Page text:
Defeat doesn’t really hit home unless you get a chance to twist the knife after you’ve stuck it to the other team. Think T.O. or Ochocinco. It isn’t enough that they score the touchdown. No, they have to make sure the entire world knows that they were so sure they would score that they took the time to plan an elaborate post TD celebration.
Baseball rarely achieves quite the same heights (or depths) but a guy standing at the plate for just a couple seconds more than he needs to in order to follow the trajectory of the ball as it exits the field gets his point across just fine. Even pitchers get notoriously wound up when they feel their mojo rising to the point that they start yelling, punching and shaking body parts.
A sport that sometimes gets neglected when it comes to discussions of celebrations, though, is the world’s game, soccer. This isn’t to say that there aren’t celebrations, it’s just that they tend to be of a more spontaneous nature. A player sneaks the ball in past the goalie and runs to the sideline to perform an impromptu dance before getting mobbed by the rest of the team. It doesn’t look rehearsed and that spontaneity is refreshing. Sometimes it’s nice to watch pure emotion run rampant.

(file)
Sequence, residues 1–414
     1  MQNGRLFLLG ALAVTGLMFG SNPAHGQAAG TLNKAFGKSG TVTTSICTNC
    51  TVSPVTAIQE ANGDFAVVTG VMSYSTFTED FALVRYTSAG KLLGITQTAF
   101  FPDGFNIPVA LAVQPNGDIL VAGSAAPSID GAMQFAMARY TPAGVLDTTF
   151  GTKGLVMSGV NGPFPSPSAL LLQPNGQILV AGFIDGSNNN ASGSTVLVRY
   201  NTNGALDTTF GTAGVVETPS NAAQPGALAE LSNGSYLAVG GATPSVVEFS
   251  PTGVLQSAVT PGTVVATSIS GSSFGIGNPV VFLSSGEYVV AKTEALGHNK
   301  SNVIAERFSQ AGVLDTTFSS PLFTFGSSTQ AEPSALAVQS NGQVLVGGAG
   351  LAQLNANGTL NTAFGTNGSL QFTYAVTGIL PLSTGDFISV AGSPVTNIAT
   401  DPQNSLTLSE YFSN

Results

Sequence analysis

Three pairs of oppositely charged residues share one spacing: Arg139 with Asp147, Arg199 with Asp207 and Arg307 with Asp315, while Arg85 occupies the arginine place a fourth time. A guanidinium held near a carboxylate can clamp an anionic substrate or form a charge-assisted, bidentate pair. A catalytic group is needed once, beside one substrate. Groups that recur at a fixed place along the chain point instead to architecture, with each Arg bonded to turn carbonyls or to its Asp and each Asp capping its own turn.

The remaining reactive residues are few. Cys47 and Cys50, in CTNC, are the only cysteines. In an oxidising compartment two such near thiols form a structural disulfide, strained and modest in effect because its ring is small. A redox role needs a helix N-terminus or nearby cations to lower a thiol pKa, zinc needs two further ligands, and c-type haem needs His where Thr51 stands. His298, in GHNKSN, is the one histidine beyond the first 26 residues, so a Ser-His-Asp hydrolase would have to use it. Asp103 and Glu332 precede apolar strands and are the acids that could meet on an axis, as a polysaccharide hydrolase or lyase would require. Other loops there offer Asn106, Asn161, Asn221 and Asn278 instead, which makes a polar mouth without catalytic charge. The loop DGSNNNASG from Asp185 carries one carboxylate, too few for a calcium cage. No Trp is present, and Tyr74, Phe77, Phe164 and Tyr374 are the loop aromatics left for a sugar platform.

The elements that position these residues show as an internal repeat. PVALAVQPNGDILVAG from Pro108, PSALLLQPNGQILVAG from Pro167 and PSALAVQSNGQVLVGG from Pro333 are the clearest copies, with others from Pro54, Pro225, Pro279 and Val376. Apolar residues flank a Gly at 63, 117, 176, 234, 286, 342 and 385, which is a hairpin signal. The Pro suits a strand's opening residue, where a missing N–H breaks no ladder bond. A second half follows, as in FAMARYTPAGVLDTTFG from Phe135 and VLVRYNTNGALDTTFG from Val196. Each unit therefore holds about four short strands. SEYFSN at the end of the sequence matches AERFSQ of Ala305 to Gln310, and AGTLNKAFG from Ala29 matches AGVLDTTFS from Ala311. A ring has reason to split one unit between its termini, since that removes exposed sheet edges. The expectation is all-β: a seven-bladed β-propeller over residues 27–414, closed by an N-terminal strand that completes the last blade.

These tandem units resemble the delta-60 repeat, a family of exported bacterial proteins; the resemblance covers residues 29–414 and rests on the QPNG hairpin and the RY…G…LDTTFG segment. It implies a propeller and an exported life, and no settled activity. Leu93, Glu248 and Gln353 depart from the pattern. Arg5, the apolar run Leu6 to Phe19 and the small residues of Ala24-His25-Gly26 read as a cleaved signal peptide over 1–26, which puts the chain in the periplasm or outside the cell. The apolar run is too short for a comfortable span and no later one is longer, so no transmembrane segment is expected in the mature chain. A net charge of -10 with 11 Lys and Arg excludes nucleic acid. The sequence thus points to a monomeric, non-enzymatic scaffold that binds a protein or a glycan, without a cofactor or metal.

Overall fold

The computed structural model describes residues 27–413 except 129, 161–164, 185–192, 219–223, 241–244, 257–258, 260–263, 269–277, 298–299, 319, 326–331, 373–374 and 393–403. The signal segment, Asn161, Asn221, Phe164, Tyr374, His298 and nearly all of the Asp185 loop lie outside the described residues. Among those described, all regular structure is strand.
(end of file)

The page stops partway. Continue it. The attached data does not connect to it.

But that doesn’t mean that soccer players haven’t developed their own well-choreographed celebrations. For instance, even though their economy may be in shambles and their island blowing up around them, Icelanders sure can put on a good show:
Maybe they should hire these guys and their creativity to restructure the Icelandic banking sector. They couldn’t mess it up much more than the previous architects.